WHERE SHATTERED MOUNTAINS LIE and THE SOUL’S JOURNEY

The paintings are listed together because they both depict the same mountain range and the general treatment appears similar.

range
The two images combined

WHERE SHATTERED MOUNTAINS LIE

where-shattered-mountains-lie-WM

Image: composited from www.artnet.com and Royal Academy Illustrated, 1930.

Sometimes misnamed ‘Where Sheltered Mountains Lie,’ but ‘shattered’ is the word used by the Royal Academy, 1930, and in the 1934 studio sale catalogue.


THE SOUL’S JOURNEY

Copyright Glasgow Museums / Supplied by The Public Catalogue Foundation

  • Medium: oil on canvas.
  • Dimensions: 1613 x 1003 mm (1.62 m²), unframed.
  • History: exhibited 1923, Manchester Art Gallery (visible in exhibition photo); The Art News (Journal), 12 Apr 1924, “Mrs. Swynnerton … sends [to the Royal Academy], I hear, an allegorical picture of the “Soul’s Journey,” typified by a figure ascending from earth to its spiritual home“; exhibited Royal Academy, 1925 (The Guardian, London, 2 May 1925); “Exhibited at the Carnegie Institute, Pittsburgh, Pa., U.S.A. Exhibited Manchester 1932(posthumous studio sale catalogue, typographical error for 1923?); auctioned Christie’s, 9 Feb 1934; given to Glasgow Museums by Francis Howard, 1952; also known as “The Soul’s Awakening.”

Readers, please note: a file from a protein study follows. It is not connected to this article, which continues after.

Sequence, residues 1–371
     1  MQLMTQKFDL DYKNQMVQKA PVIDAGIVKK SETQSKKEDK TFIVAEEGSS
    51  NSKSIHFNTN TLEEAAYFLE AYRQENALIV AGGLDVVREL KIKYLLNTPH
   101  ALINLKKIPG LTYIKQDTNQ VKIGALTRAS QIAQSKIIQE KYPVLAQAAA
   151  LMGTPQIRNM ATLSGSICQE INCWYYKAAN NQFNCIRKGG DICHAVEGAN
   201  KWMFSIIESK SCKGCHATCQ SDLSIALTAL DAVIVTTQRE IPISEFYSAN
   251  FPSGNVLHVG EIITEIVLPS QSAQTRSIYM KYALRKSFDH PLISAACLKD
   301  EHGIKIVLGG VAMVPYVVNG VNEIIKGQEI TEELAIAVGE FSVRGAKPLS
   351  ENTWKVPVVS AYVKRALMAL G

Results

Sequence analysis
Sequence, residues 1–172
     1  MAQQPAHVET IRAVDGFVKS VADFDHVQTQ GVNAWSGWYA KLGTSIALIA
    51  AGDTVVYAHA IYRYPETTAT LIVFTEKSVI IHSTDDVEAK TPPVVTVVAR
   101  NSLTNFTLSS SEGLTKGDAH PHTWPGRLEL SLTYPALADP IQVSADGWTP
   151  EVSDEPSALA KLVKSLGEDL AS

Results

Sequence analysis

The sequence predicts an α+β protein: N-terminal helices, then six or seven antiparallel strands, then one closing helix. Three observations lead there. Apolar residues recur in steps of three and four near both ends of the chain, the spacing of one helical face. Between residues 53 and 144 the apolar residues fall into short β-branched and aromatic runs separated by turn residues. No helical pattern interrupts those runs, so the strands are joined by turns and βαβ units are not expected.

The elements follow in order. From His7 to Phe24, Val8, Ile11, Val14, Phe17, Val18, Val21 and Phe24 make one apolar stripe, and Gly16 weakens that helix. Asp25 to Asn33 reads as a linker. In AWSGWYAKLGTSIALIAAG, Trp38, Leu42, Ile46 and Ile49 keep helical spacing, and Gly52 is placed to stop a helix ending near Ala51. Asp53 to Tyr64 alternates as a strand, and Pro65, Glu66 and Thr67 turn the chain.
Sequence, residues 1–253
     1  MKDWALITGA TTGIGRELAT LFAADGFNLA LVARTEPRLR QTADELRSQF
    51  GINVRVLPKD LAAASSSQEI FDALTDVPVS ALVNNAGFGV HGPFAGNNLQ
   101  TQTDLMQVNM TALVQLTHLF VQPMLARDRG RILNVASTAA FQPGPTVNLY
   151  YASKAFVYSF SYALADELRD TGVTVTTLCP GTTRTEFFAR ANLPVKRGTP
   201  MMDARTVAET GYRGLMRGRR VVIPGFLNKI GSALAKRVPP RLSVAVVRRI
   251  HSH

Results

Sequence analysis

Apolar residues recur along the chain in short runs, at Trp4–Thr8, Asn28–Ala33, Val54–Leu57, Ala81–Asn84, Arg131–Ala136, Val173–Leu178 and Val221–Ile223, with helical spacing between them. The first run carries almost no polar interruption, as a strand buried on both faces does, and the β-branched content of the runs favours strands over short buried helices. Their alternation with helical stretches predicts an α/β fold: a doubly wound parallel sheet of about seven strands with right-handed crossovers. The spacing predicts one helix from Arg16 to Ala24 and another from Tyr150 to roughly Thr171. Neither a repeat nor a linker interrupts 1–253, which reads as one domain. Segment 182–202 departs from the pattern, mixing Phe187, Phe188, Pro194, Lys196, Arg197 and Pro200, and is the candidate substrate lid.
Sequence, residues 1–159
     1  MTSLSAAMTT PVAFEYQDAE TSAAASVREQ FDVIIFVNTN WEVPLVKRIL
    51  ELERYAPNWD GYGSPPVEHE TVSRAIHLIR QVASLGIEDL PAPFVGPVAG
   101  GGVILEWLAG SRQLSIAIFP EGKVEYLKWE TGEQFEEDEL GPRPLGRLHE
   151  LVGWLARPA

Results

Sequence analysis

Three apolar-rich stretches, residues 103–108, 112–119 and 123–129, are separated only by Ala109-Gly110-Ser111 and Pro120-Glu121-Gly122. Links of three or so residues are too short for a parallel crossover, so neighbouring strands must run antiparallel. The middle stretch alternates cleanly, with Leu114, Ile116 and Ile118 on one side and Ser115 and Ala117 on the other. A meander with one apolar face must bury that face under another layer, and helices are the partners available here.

• Location: Glasgow Museums Resource Centre.

The mountains in the two paintings form a continuum, suggesting that they were painted during the same period, perhaps the early 1920s, in spite of The Soul’s Journey being signed and dated 1930. It is known that Annie would work on pictures over extended periods, meaning years could elapse between original composition and final working.

souls-shattered-gif

mountains-composite-hugin'd

Combining the images suggests that the figure in The Soul’s Journey could originally have been more central and the canvas to have been truncated, or that Where Shattered Mountains Lie may similarly have once been a larger work.


One thought on “WHERE SHATTERED MOUNTAINS LIE and THE SOUL’S JOURNEY

  1. Pingback: Alpine Club Exhibition, 1956 – new works and web site revisions – ANNIE LOUISA SWYNNERTON (1844-1933)

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